New claims aired by GOP of Biden family influence-peddling, but questions remain
“We believe there was a return on the investment,” said Rep. James Comer of Kentucky. (Photo by Alex Wong/Getty Images)
U.S. House Oversight and Accountability Committee Chairman James Comer and fellow House Republicans on Wednesday used newly unearthed bank records to claim that President Joe Biden’s family members sought to improperly benefit from his vice presidency — though the preliminary findings leave several major questions unanswered.
No direct ties to Biden while he served as vice president under President Barack Obama were found by Comer and the others, though Comer said he would continue to investigate.
Bank records reviewed by the committee since Comer, of Kentucky, gained subpoena power showed Biden family members, including son Hunter Biden, received payments from foreign nationals, including a Chinese energy company, while Biden was vice president, Comer and other Republicans said Wednesday in a news conference that was heavy on implication but light on hard evidence.
The records supported allegations of an influence-peddling scheme involving Biden’s son Hunter and other family members, Comer said.
White House spokesperson Ian Sams dismissed the allegations as “baseless claims, personal attacks, and innuendo” that lacked evidence.
“Comer keeps insisting he will provide evidence — but it hasn’t stopped him from a cascading barrage of innuendo and insinuations in the meantime,” Sams wrote in a memo released before the news conference.
Comer, House Judiciary Chairman Jim Jordan of Ohio, and House Oversight committee members Andy Biggs of Arizona, Byron Donalds of Florida, Nancy Mace of South Carolina and Kelly Armstrong of North Dakota, spoke Wednesday.
Payments to Biden family members
The committee members alleged that Biden family members, not including Joe Biden, received millions from foreign nationals, who funneled payments through other entities. Some of the payments coincided with Joe Biden’s time as vice president that ended in January 2017.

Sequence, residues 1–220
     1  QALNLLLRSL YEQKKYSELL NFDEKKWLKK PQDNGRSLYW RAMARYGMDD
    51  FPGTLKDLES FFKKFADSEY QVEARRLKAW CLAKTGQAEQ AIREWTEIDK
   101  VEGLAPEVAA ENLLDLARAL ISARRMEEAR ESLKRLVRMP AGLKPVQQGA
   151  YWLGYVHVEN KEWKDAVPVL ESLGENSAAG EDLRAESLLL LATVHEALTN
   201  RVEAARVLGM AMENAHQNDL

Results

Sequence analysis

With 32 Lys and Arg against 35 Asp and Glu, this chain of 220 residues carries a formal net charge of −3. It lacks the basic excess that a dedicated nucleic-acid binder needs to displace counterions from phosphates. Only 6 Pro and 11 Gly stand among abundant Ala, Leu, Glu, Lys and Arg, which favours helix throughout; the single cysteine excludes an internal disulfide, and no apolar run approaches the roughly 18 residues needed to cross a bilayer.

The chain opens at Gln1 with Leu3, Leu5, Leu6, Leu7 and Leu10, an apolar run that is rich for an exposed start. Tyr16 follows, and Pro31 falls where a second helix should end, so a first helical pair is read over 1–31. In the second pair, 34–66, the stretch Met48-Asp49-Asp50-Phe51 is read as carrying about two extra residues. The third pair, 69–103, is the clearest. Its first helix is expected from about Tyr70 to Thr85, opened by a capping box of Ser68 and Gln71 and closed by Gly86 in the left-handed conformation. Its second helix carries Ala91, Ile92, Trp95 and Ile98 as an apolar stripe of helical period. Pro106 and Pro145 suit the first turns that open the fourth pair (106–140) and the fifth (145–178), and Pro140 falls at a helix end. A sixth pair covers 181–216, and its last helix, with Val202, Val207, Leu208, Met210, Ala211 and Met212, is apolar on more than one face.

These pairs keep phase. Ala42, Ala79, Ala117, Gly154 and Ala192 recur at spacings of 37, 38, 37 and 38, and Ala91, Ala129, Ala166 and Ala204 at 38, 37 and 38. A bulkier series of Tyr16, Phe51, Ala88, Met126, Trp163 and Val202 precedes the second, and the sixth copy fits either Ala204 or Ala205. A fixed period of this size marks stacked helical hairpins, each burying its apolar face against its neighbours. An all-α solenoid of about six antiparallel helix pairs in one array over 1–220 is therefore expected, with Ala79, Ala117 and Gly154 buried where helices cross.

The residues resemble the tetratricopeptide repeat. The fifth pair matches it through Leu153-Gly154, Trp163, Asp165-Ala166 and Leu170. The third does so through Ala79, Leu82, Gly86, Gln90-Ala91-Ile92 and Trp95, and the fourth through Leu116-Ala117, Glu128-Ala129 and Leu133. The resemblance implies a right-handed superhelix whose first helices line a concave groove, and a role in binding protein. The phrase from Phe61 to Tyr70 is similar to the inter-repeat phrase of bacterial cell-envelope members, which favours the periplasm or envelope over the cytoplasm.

From November 2015 to June 2017, the company of a Romanian politician facing corruption charges made several payments totaling about $3 million to Robinson Walker, LLC, a company controlled by Hunter Biden associate Rob Walker.
Walker transferred about $1 million, sometimes funneled through his personal account, to Biden family accounts, according to a memo the committee released Wednesday.
The multiple transfers implied there was something to hide, the House Republicans said Wednesday, though they couldn’t specify what.
“What we’re witnessing here with the Biden family, frankly, is just a web of concealment, of deception, a lot of people would say corruption,” Donalds said. “You have this many companies, this velocity of transactions, size of transactions. Like my colleagues have said, this is not how normal businesses operate.”
The GOP members claimed the Bidens sought to profit from “influence peddling,” but it’s unclear what that influence accomplished. The House members made only tenuous or vague allegations about what, exactly, the payers would have received from their payments to Biden family members.